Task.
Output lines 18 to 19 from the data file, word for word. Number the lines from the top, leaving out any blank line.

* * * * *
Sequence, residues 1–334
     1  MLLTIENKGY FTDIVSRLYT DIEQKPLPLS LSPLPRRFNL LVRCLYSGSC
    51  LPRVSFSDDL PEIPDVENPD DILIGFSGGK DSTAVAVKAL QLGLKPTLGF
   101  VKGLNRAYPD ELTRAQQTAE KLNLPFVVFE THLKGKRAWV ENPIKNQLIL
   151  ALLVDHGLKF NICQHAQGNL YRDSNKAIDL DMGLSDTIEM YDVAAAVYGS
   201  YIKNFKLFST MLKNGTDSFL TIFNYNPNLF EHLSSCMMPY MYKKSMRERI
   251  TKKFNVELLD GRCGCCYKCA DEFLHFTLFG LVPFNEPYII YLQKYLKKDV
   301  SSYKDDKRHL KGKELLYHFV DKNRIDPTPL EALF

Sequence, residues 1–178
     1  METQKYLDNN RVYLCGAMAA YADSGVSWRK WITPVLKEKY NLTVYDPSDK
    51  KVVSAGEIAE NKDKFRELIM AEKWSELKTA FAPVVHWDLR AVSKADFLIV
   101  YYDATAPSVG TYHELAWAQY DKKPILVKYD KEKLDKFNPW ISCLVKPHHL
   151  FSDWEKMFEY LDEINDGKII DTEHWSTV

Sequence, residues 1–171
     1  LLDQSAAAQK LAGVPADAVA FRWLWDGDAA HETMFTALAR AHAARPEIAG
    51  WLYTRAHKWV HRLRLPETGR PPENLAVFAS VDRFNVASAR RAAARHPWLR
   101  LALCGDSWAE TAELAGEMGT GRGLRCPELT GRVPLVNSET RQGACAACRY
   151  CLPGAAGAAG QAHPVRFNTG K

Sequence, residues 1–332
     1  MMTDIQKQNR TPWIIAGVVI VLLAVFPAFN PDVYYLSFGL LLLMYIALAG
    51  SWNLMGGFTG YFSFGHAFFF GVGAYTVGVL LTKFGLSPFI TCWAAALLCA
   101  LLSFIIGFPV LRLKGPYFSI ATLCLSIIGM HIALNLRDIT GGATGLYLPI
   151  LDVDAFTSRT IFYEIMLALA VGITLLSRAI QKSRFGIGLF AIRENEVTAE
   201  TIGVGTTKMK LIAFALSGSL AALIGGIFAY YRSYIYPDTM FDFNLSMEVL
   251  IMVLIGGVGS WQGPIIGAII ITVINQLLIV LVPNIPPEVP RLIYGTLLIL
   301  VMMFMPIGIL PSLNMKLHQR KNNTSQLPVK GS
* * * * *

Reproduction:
   151  CLPGAAGAAG QAHPVRFNTG K

Sequence, residues 1–332